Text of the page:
India hosted 17 matches at 17 different venues, while Pakistan hosted 16 matches at 6 venues and Sri Lanka hosted 4 matches at 3 venues.

India

Cities Venues Capacity Matches
Calcutta, West Bengal Eden Gardens 120,000 1
Kanpur, Uttar Pradesh Green Park 45,000 1
Mohali, Punjab Punjab Cricket Association Stadium 40,000 1
Bangalore, Karnataka M. Chinnaswamy Stadium 55,000 1
Madras, Tamil Nadu M. A. Chidambaram Stadium 50,000 1
Hyderabad, Telangana Lal Bahadur Shastri Stadium 30,000 1
Cuttack, Odisha Barabati Stadium 25,000 1
Gwalior, Madhya Pradesh Roop Singh Stadium 55,000 1
Visakhapatnam, Andhra Pradesh Indira Priyadarshini Stadium 25,000 1
Patna, Bihar Moin-ul-Haq Stadium 25,000 1
Pune, Maharashtra Nehru Stadium 25,000 1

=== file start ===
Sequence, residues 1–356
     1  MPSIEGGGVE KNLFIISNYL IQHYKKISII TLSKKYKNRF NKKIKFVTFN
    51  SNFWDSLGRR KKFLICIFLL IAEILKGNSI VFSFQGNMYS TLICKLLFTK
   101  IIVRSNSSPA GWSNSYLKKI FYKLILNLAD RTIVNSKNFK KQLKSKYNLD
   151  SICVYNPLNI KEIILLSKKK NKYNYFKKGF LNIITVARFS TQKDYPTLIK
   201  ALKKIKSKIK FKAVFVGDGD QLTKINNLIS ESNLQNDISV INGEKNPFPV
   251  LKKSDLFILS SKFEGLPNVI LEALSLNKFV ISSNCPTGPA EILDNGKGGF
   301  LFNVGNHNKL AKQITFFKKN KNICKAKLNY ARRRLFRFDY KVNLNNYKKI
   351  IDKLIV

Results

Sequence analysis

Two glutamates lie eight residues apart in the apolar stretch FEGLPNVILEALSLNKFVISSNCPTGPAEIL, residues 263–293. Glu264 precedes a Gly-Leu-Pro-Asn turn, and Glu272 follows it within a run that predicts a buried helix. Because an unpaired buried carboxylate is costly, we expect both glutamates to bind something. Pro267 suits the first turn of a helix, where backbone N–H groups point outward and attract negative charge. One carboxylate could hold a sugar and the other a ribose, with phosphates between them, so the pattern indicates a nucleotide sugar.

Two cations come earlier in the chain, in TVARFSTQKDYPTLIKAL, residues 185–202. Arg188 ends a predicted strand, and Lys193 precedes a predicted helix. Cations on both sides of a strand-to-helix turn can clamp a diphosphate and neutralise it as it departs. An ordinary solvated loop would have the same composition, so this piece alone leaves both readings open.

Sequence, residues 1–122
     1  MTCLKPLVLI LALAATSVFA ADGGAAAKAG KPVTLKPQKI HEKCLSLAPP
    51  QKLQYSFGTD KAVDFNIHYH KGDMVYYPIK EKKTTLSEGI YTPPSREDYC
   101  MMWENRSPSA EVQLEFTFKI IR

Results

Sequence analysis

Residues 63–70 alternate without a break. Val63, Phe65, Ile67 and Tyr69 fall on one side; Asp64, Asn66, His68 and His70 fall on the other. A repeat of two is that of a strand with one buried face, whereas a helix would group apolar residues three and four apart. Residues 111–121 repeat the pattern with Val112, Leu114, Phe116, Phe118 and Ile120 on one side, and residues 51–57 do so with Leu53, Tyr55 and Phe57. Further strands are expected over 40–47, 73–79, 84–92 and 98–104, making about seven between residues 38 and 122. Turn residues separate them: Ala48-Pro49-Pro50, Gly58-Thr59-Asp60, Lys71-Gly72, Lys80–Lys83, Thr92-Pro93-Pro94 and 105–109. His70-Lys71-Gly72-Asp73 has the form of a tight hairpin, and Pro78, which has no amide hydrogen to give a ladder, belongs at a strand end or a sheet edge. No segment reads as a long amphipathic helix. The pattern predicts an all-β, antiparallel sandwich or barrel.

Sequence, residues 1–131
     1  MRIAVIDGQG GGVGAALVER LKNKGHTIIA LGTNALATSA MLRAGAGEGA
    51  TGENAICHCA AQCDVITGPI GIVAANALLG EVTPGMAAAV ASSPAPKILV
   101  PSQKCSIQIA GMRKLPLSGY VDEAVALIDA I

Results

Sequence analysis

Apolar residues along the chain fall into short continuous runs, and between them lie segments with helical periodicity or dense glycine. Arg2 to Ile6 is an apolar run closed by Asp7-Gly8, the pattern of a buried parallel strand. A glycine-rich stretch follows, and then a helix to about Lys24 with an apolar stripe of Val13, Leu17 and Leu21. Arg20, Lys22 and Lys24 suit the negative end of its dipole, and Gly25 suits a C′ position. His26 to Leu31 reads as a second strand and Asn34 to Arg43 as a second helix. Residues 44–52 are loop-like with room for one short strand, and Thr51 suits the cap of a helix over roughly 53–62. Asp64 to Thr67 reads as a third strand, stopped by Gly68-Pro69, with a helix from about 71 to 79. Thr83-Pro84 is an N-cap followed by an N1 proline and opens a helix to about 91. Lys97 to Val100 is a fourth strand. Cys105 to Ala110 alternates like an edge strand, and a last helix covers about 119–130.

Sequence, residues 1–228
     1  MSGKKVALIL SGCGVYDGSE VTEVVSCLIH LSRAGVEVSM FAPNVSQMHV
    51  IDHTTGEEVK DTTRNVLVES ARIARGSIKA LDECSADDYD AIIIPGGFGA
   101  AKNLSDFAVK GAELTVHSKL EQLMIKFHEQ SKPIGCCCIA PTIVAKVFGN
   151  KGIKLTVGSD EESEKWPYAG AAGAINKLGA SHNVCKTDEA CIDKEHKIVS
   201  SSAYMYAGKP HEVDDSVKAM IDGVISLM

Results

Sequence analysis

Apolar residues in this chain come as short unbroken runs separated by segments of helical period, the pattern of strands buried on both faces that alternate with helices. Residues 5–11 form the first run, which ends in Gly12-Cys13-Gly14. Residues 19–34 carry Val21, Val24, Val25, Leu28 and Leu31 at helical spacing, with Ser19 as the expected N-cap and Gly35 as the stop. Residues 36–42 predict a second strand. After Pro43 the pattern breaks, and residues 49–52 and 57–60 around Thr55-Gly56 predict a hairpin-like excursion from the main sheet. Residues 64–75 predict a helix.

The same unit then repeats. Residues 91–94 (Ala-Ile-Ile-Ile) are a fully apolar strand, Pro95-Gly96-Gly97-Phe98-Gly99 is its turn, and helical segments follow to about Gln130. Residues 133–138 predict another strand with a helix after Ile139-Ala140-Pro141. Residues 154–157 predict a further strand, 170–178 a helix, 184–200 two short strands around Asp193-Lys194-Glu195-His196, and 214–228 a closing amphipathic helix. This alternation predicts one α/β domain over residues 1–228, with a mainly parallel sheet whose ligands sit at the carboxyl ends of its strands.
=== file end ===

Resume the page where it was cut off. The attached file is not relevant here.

Bombay, Maharashtra Wankhede Stadium 45,000 1
Ahmedabad, Gujarat Sardar Patel Stadium 48,000 1
Baroda, Gujarat Moti Bagh Stadium 18,000 1
Jaipur, Rajasthan Sawai Mansingh Stadium 30,000 1
Nagpur, Maharashtra Vidarbha C.A. Ground 40,000 1
Delhi, New Delhi Feroz Shah Kotla Ground 48,000 1

Pakistan

Cities Venues Capacity Matches
Peshawar, Khyber Pakhtunkhwa Arbab Niaz Stadium 20,000 2
Lahore, Punjab Gaddafi Stadium 35,000 4
Faisalabad, Punjab Iqbal Stadium 25,000 3
Gujranwala, Punjab Jinnah Stadium 40,000 1
Karachi, Sindh National Stadium 30,000 3
Rawalpindi, Punjab Rawalpindi Cricket Stadium 25,000 3

Sri Lanka

Cities Venues Capacity Matches
Kandy Asgiriya Stadium 25,000 1
Colombo R. Premadasa Stadium 35,000 2
Colombo Sinhalese Sports Club Ground 10,000 1
Venues in Sri Lanka

Teams